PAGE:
Before he became president, Joe Biden called Saudi Arabia “a pariah” for its part in the gruesome murder of Saudi journalist Jamal Khashoggi. As president, he authorised the release in February of a damning US intelligence report that pointed the finger of suspicion at Saudi Crown Prince Mohammed Bin Salman. MBS, as he is known as, has denied any role.
But now, less than six months after taking office, the Biden administration has rolled out the red carpet for MBS’ younger brother, the Deputy Defence Minister, Prince Khalid Bin Salman. It is the highest-level Saudi visit since Khashoggi’s murder in October 2018.
“There has been a concerted effort [inside MBS’ circle in the Royal Court] to rehabilitate the image of MBS and Saudi Arabia more broadly,” says Michael Stephens, associate fellow at London think-tank the Royal United Services Institute (Rusi). “The kingdom has been focussing heavily on economic opportunities,” he adds, “while the [earlier] fiery rhetoric about regional security has been toned down.”
So does this mean that MBS has been forgiven in the West?
Not exactly, no, and certainly not by human rights organisations, including the UN, which continue to call for a full independent investigation that includes the most powerful man in Saudi Arabia, MBS.
Fifteen Saudi government officials flew from Riyadh in 2018 in two government jets to Istanbul where they lay in wait for Khashoggi, a prominent critic of the Crown Prince. Once he set foot inside the Saudi consulate they overpowered him, suffocated him to death and dismembered his body.
Prince Khalid Bin Salman, who has just been welcomed in the US, was Saudi Arabia’s ambassador to Washington at the time. He initially dismissed suggestions that Khashoggi had been murdered inside the Saudi consulate as “absolutely false and baseless”.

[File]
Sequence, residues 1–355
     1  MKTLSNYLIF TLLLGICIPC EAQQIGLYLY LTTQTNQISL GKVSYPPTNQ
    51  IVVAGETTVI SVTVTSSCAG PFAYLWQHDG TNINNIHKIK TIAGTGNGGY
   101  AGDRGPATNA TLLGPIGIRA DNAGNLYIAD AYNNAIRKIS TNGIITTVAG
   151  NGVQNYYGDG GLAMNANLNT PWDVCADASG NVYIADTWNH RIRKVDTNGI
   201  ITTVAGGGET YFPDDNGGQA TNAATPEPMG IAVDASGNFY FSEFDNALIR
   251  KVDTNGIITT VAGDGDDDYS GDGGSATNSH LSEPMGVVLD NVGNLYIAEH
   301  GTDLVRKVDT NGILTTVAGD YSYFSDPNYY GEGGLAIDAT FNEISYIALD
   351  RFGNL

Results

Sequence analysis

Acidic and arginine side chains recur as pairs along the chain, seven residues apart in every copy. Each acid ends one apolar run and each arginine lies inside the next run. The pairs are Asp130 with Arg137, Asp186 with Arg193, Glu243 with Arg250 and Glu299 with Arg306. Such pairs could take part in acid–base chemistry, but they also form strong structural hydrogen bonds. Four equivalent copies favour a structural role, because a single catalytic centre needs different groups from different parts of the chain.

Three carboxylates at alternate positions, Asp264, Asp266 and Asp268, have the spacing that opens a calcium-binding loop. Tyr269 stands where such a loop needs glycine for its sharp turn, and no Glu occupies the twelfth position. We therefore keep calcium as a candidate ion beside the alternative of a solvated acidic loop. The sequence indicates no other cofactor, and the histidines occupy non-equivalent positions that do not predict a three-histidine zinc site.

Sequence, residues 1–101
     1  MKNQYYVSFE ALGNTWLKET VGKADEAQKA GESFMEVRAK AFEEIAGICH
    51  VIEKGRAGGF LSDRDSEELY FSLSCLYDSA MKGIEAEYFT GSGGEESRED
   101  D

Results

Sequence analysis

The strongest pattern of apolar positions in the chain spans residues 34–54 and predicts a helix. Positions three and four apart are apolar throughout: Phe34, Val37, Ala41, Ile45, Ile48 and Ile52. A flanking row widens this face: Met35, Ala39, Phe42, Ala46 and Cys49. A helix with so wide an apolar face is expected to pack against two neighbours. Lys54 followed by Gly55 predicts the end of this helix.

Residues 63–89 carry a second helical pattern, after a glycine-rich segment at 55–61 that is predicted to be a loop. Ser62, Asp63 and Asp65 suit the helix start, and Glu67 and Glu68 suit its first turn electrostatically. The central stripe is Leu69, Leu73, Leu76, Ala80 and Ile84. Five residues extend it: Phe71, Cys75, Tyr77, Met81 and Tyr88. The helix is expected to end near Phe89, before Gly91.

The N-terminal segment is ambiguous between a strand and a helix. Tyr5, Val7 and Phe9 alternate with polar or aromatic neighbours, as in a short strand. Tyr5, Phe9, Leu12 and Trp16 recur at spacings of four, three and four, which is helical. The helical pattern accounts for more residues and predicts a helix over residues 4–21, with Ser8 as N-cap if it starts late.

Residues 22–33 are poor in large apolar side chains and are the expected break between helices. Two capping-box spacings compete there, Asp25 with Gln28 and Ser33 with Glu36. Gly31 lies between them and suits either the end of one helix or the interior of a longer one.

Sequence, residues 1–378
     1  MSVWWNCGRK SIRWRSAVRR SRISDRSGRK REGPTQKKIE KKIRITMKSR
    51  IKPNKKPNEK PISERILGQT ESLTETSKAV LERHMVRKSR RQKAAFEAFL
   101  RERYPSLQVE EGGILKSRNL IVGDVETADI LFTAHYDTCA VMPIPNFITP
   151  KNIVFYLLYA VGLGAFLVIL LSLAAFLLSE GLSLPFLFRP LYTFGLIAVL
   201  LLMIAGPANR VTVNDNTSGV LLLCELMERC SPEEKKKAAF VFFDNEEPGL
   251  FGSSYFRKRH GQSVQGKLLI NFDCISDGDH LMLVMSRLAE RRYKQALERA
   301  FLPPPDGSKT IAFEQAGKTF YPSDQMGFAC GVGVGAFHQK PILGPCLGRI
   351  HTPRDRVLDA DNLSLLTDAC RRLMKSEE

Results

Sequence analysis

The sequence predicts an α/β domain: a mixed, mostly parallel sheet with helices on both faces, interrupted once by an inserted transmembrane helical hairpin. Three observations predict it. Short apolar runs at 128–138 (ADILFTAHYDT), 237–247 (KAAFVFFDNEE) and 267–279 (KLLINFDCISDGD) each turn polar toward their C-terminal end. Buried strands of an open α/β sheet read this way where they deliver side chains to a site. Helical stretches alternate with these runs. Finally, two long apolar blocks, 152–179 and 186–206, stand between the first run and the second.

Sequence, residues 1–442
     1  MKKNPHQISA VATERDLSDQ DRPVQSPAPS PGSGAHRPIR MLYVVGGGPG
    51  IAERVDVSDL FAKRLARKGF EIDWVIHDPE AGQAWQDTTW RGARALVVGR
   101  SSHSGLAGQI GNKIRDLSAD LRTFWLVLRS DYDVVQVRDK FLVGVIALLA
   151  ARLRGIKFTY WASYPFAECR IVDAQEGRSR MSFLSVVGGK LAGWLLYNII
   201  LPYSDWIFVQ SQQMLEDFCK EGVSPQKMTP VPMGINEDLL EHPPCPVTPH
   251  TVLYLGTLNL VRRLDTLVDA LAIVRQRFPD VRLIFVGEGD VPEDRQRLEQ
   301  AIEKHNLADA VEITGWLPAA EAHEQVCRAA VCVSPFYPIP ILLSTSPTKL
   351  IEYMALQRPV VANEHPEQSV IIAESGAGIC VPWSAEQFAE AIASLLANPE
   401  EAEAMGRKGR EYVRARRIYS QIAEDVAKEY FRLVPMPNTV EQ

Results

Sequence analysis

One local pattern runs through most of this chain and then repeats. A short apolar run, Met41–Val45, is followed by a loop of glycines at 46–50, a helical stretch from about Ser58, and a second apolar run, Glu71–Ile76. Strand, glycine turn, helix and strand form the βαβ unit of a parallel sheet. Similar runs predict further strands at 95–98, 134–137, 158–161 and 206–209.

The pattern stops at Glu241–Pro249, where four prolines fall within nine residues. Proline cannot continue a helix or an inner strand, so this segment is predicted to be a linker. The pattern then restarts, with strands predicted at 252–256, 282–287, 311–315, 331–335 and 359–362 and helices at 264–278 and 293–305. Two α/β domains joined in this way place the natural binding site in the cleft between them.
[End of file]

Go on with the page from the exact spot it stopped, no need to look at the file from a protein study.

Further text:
When Turkey revealed to the world what had happened by bugging the Saudi consulate the Saudi leadership was forced to backtrack. It blamed “a rogue operation” and eventually convicted a number of minor officials after a secret trial.
But America’s Central Intelligence Agency (CIA) concluded “with a high level of confidence” that the operation could not have been carried out without the knowledge of MBS himself. The US sanctioned more than 70 Saudi officials linked to human rights abuses and since the murder the crown prince has been publicly shunned by Western leaders.
Yet Saudi Arabia is still seen by most Western governments as a vital ally, a bulwark against Iranian expansion, an important trading partner, a lucrative customer for arms and a stabilising influence on the oil market. So this is where realpolitik creeps in.
Sources familiar with the crown prince say there is a gap between the official stance of Western governments, publicly distancing themselves from MBS, and the hard reality of their bilateral relations with the kingdom.
Which is why, with a swish of his gold-trimmed cloak, MBS’ closest relative was able to set foot inside some of the highest offices in Washington last week.
‘Matter of time’
Over the course of two days Prince Khalid Bin Salman held meetings with the Secretary of State, Anthony Blinken; the president’s National Security Advisor, Jake Sullivan; the Defense Secretary, Lloyd Austin; and the Chairman of the Joint Chiefs, Gen Mark Milley. That list alone gives an indication of the importance with which the US views its Saudi ally even if, tellingly, there was no prior announcement of Prince Khalid’s visit or his itinerary.
A lot of topics came up for discussion, including the war in Yemen, from which Saudi Arabia is trying to extract itself after failing to defeat the Iranian-backed Houthis, who illegally seized power in 2014.
Energy, the oil market, security in the Horn of Africa and the tentative resumption of the Iran nuclear deal were all issues on the table. So too, reportedly, was Afghanistan, from where US forces have now largely withdrawn and where there are fears that a future Taliban takeover will lead to al-Qaeda rebuilding its earlier presence.
Diplomats familiar with Saudi Arabia concede that it can be, at times, a difficult country to deal with. Doubts in the West over its maverick Crown Prince Mohammed Bin Salman will probably last the length of his life.
“It’s not clear water for MBS yet,” says Rusi’s Michael Stephens. “More time will be needed before Western states are fully ready to engage. But things are improving for him and it will probably only be a matter of time before he is once again able to visit Western capitals.”